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COUNTY AGENT GUY

By Staff | Dec 25, 2009

Another year is sliding under the bridge, which means it’s time for my annual review.

2009 was an eventful year, one that brought innumerable changes. For instance, I once deemed golf a boring sport, but recent developments in the pro golfing world have caused me to reevaluate.

I began 2009 in pain, which was due to “angry scar tissue” in my left shoulder. I found that diagnosis hard to swallow because I am not an angry person.

In March I underwent arthroscopic surgery on the affected shoulder. During the post-op period I became reacquainted with my old pals, the opiates. They don’t actually relieve my pain; they just cause me to no longer care that it hurts.

The surgery left me with a couple of nifty new scars, which enabled me to have a little fun.

I might show someone the fresh and angry scars, one at the front of the shoulder, the other at the back. “The arrow went clean through,” I would intone solemnly. “My wife pulled it out, but first she carved a groove in the shaft and filled it with gunpowder”

At that point people of a certain age would grin and say, “Two Mules For Sister Sara.” Other people – specifically, those younger than me – would say, “Whoa. That musta hurt!”

The post-surgical period involved P.T., which I learned stands for Pain and Torture. Much of my P.T. was administered by a sadistic guy named Chuck. I recently ran into Chuck and instantly thrust my left arm above my head to demonstrate my range of motion. It must have been a Pavlovian “please don’t hurt me!” response.

Last spring our youngest son graduated from college, which is really cool because we can now say that we have an engineer in the family. Woo, woo!

Actually, he’s not that type of engineer. His forte is construction engineering, and getting a job in that field in this economy is about like selling popsicles at a winter carnival.

Even so, he managed to land a position on the construction crew of an Illinois wind farm. My wife and I paid him a visit this fall and marveled at those colossal wind towers. I probably could have gone to the top of one had I asked, but the 300-foot-tall towers lacked elevators and I lacked the will. Also the physical endurance.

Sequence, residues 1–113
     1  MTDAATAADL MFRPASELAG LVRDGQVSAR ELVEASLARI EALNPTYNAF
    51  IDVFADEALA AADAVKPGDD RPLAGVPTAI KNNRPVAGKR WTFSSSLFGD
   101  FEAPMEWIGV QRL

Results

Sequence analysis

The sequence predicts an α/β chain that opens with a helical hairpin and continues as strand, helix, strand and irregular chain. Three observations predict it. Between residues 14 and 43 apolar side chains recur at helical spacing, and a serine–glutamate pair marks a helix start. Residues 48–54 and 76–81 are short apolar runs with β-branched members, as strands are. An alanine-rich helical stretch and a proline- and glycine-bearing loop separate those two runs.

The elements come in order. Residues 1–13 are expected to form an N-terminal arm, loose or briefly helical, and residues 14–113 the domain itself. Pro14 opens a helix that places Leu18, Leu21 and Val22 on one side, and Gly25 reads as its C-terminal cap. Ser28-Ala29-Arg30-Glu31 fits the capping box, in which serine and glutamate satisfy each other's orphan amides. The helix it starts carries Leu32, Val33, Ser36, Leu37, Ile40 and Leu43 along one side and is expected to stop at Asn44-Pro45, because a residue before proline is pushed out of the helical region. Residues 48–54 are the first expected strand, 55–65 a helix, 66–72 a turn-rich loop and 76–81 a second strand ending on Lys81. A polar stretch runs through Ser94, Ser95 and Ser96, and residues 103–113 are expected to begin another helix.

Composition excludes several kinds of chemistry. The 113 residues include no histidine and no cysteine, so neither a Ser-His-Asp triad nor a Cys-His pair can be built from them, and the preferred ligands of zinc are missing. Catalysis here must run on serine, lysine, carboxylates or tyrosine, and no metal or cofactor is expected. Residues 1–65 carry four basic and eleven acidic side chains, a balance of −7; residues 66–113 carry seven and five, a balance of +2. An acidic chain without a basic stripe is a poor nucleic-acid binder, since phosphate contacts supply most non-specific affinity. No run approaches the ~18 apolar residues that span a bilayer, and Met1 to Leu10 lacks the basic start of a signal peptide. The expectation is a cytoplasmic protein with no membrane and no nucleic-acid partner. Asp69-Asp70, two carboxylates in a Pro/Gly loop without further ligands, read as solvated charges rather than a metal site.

One of the more interesting events took place last summer when I received an email from South Dakota Humanities Council asking for writing contributions for a book entitled “Life on the Farm & Ranch: South Dakota Stories.”

I submitted some of the stuff that has filled this space. The pay was exactly zero, but I figured, hey, at least I’m not going backwards on the deal. Which is often what happened when I farmed.

When the book came out I was thrilled to see that a couple of my essays had been included. One was about my county agent Mel Kloster, the guy behind this whole “Dear County Agent Guy” thing.

That particular story was about my friendship with Mel. It touched on how I first met Mel and the many ways that he had helped me throughout the years. Most would agree that that was just the sort of county agent guy Mel was: friends first and county agent second.

Mel remained one of my biggest boosters. A few years back, he began to suffer some serious health problems. I am deeply ashamed to admit this, but our visits gradually became fewer and farther between.

Two Christmases ago my wife and I went to Hawaii to visit our son and our nephew. I called Mel shortly before we left and he seemed to be in good spirits despite his numerous health issues. As I bade him goodbye, I told Mel I would give him a full report about Hawaiian agriculture upon my return. He said he was looking forward to it.

Mel passed away while we were in Hawaii. His funeral was over by the time we got home.

I recently sent a copy of the South Dakota stories book to Mel’s widow, Barb. She soon responded with a card and a nice note.

Barb said she was deeply gratified by the tome. She wrote that their youngest daughter had worried that folks would forget Mel now that he’s gone and that the book and my essay about him would be especially meaningful to them at this time of the year.

There must have been something wrong with that card because I had to wipe my eyes several times while I read it.

All the best to you and yours during this holiday season. And I won’t even think about trying to duplicate Tiger’s off-course activities. After all, he’s a pro.

You can learn more about the book mentioned at: www.sdhumanities.org.

Nelson is a freelance writer from Volga, S.D. Reach him by e-mail at jjpcnels@itctel.com

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